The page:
From vinyls to cassettes to mp3 players, the way we access music is constantly changing. Today, instant music streaming services like Spotify are making it easier to find and access new music.
No more searching for unknown artists in record shops, asking your friend group to learn about new tunes, buying music magazines or downloading full albums illegally on Limewire until you find something new you like. You don’t even need to search the web, and keep up with millions of different music publications.
Nei, Spotify now dominates how we discover new music. So how has Spotify changed our listening habits? How did it become such a powerful tastemaker?
We are more likely to discover new music on its platform
With features allowing us to see similar artists people listen to, a ‘Discover Weekly’ playlist tailored to our existing music taste, and ‘song radio’ suggestions similar to a song we like, it’s no wonder we are able to add a new song or two in our libraries almost every day.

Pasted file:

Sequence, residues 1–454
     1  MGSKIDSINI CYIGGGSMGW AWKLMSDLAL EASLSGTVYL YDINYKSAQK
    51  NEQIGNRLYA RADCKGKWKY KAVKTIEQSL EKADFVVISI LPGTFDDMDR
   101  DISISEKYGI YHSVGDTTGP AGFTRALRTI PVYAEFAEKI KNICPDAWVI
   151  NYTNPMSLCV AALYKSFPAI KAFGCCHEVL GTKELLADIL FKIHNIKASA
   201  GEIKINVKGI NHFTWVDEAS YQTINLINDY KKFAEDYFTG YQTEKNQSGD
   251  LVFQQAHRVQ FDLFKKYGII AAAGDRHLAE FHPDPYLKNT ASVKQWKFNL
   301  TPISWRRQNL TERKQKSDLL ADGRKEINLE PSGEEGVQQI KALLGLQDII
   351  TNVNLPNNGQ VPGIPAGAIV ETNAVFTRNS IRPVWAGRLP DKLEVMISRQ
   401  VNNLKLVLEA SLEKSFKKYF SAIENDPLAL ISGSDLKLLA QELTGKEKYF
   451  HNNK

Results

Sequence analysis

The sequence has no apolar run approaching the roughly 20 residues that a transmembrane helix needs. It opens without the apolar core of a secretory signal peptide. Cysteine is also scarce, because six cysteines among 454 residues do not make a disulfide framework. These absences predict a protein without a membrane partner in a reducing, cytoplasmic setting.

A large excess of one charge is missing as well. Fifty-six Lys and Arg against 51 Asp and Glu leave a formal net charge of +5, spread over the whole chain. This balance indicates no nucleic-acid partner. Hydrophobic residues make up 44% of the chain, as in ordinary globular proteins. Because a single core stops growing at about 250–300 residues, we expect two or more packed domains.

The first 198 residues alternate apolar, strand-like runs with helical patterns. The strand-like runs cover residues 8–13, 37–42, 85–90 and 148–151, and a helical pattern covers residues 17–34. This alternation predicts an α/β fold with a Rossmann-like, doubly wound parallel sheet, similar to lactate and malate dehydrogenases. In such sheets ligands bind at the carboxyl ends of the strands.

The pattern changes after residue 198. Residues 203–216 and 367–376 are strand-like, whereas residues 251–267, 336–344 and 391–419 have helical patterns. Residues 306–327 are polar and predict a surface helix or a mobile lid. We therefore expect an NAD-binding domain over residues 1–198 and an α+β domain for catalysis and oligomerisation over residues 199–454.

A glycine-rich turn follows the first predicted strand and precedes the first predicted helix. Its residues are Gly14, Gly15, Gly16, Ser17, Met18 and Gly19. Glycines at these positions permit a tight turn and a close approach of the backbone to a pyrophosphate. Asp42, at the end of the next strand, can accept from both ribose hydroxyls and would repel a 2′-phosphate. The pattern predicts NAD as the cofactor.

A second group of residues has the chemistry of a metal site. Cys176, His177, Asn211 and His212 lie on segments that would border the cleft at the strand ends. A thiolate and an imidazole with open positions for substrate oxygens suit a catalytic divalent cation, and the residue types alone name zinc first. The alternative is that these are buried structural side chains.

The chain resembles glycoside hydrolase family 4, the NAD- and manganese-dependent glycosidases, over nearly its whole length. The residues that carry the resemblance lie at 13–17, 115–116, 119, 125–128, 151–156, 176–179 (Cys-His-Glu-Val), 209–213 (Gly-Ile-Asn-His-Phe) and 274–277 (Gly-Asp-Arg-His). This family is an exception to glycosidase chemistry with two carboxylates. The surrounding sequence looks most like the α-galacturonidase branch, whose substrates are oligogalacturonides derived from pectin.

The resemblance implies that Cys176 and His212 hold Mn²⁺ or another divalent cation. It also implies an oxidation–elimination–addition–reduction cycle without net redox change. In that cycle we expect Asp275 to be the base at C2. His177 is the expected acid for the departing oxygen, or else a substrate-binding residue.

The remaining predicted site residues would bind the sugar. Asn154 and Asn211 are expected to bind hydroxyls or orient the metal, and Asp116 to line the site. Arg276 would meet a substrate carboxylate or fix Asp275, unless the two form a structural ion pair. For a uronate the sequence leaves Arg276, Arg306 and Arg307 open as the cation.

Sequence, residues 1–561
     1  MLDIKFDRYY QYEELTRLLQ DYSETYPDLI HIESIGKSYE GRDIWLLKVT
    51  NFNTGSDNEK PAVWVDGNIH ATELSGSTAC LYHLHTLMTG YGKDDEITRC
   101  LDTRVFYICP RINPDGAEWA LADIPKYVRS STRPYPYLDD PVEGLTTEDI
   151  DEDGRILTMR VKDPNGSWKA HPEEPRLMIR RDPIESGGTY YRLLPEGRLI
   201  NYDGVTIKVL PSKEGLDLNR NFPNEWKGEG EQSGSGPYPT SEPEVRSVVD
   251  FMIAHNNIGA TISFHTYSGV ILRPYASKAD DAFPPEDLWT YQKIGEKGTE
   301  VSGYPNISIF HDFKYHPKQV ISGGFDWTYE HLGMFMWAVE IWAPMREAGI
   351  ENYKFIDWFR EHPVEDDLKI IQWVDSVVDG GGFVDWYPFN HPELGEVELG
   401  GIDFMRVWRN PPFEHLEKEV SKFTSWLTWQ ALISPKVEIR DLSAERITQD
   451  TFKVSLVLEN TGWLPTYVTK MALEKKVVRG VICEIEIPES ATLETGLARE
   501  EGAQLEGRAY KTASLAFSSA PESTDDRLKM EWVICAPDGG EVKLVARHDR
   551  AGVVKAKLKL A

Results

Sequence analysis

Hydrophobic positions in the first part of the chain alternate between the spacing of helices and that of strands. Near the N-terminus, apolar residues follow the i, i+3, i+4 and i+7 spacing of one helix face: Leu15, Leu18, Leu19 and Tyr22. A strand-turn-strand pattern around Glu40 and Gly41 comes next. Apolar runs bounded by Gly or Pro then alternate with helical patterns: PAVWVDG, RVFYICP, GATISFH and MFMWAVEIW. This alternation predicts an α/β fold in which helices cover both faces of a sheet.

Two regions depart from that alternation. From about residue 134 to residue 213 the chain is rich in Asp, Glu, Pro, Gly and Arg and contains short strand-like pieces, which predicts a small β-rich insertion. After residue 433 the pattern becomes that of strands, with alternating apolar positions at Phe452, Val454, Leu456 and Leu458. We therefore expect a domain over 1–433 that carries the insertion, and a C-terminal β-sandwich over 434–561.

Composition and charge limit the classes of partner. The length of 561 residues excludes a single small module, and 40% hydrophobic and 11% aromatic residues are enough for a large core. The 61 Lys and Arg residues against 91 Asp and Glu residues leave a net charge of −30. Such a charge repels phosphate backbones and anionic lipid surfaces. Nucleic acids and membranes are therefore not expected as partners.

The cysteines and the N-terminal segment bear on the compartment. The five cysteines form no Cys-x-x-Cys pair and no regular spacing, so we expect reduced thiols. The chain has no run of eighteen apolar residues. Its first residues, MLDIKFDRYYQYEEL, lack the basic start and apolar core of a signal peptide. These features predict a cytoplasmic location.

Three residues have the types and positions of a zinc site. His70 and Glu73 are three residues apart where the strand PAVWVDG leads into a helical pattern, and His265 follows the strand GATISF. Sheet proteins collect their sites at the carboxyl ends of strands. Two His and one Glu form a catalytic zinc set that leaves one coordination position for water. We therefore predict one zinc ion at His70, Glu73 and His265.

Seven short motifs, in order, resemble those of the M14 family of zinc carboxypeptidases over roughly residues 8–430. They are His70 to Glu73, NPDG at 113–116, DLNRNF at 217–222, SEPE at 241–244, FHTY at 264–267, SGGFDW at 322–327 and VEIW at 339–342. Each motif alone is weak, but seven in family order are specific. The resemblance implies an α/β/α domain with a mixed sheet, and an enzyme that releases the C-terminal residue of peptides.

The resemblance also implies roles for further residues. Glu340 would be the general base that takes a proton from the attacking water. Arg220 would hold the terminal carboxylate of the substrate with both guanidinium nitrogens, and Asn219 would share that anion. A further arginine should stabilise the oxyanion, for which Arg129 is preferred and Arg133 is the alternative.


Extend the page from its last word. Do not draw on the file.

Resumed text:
Spotify encourages us to engage with it this way, because we want to consume music more than ever: for moods, for special occasions, as soundtracks for activities, and more.
And we really do engage with it more. According to Stifel’s Spotify Initiation of Coverage, ‘Spotify recommended over 30% of overall listening in 2017, up from less than 20% in 2015, providing a highly personalised listening experience.’
Thanks to the machine learning technology behind it Spotify is able to analyse user data, including listening behaviours that may change during different times of the day. This then feeds into creating new Spotify playlist ideas for specific times where users can discover more music. Like an ‘Acoustic Calm’ or ‘Nature Sounds’ playlist for before you go to bed.